Yes, you will need to submit the FAFSA every year to remain eligible for federal student aid. After filling it out the first time, you can submit a renewal FAFSA in subsequent years. The website will automatically fill in most of your information from the previous year.
You just need to double-check that everything is still correct. You can also start from the beginning if you need to make significant changes.
Yes, you can edit the FAFSA after you submit. In fact, you’re required to do so if there’s a change in your dependency status, in the number of your family members or in the number of people in your household who are in college.
You can also fix mistakes you made when filling out the form. To make corrections to the FAFSA, log in to your account and click on “Make FAFSA Corrections.” Enter your FSA ID, make any updates and then hit submit.
You can correct any field with the exception of your Social Security number. If you entered an incorrect Social Security number, contact the financial aid office of your college. They might advise you to submit an entirely new FAFSA.
If your family’s income changes dramatically (a parent lost their job, for example), speak with your school’s financial aid office. The college might be able to accommodate your new circumstances. However, additional aid isn’t guaranteed.
The government determines your EFC based on the information that was accurate at the time. If that information is no longer accurate, you’ll need to discuss the changes with your school.
Yes. Don’t neglect to fill out the FAFSA because you think you won’t qualify. There’s no income cutoff for financial aid. Plus, some schools rely on the FAFSA to award scholarships.
Filling it out will also protect you in the event your financial circumstances change. If a parent loses their income, for example, you can speak with your college’s financial aid office about readjusting your financial aid package. But you won’t qualify for federal aid if you never filled out the FAFSA in the first place.
Some common FAFSA myths lead students to believe they’re not eligible for financial aid. Don’t let these misconceptions make you miss out on grants or scholarships.
What to know about federal financial aid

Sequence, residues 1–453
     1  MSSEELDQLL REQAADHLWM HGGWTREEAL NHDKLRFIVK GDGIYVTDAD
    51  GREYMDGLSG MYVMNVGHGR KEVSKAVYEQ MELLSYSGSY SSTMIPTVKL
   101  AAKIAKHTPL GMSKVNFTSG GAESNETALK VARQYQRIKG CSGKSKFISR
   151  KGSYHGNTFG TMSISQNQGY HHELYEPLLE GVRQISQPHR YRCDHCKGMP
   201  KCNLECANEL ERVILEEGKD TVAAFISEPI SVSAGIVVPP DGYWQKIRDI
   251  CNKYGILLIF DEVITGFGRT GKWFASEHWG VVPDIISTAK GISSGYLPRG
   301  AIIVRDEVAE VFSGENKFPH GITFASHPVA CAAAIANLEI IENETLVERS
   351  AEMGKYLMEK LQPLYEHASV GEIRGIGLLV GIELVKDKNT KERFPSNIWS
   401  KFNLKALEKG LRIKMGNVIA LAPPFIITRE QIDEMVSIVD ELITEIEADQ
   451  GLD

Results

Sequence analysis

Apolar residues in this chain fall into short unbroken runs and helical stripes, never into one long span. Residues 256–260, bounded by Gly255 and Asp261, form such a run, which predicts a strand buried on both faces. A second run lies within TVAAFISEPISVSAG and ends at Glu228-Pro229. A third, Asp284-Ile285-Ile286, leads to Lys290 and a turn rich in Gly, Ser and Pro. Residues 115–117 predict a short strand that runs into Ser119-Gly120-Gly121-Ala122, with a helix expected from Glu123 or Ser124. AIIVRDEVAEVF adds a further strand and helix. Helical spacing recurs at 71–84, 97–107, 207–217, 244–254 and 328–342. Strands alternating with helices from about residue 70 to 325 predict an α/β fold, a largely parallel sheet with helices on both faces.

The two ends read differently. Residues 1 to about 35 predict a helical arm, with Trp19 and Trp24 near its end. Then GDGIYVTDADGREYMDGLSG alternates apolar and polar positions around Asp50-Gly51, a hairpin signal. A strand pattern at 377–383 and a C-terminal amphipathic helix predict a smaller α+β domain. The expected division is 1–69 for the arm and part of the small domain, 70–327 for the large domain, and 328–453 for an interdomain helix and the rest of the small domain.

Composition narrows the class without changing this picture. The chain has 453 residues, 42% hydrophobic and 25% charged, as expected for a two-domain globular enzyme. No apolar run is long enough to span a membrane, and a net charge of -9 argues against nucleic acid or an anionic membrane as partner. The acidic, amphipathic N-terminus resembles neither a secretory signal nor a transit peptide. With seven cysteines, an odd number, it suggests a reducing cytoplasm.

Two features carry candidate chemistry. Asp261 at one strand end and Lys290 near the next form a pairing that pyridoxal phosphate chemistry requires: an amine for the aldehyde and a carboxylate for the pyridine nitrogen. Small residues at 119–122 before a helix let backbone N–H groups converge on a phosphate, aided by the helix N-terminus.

Finally, no FAFSA FAQ would be complete without explaining how federal financial aid works. Here’s how the FAFSA leads to loans and other types of aid.
Financial aid packages are made up of a mix of grants, scholarships, student loans and work-study options. Grants and scholarships, in most cases, you don’t have to pay back this type of financial aid. You will have to pay back student loans — with interest.
The federal work-study program is only available to students with a certain amount of financial need. It allows you to work part time on campus and earn money each semester. If you’re interested in being considered for work-study, make sure to indicate that on the FAFSA.
The amount of financial aid you’ll receive largely depends on the college or graduate school. Some colleges even meet full financial need for all accepted students.
Other colleges might not meet your full financial need. In that case, you will need to find other sources of funding, such as private student loans, if you still wish to attend that school.
Remember that financial aid includes federal student loans — up to $31,000 for dependent undergraduates and up to $138,500 for graduate students. So even if your financial aid award meets your full financial need, you might take on significant debt to pay for school.
To estimate your financial aid package, check out the FAFSA4caster tool. This tool gives you a sense of how much it will cost to attend each school on your list. It can’t predict exactly how much aid you’ll get from each school, but it will give you a rough estimate of the total cost.
College financial aid offices determine your financial aid package. Many regular decision colleges send out admissions decisions in March or April of your senior year in high school. Financial aid packages often come at the same time or shortly after.
Some rolling-decision schools send out decisions and financial aid packages later in the spring or summer. But you should be able to view and compare financial aid packages before it’s time to pick a college.
Don’t forget about institutional aid and scholarships
In addition to finding answers to your FAFSA questions, you should also apply for institutional aid and independent scholarships.
Some colleges, for example, require the College Scholarship Service (CSS) Profile. College Board administers the CSS Profile. Almost 400 colleges use it to award non-federal student aid.
Plus, you can apply for scholarships from local and national organizations. By covering all your bases, you’ll get the largest amount of financial aid for college possible. To get started, check out our listing of the best scholarship search tools around the web.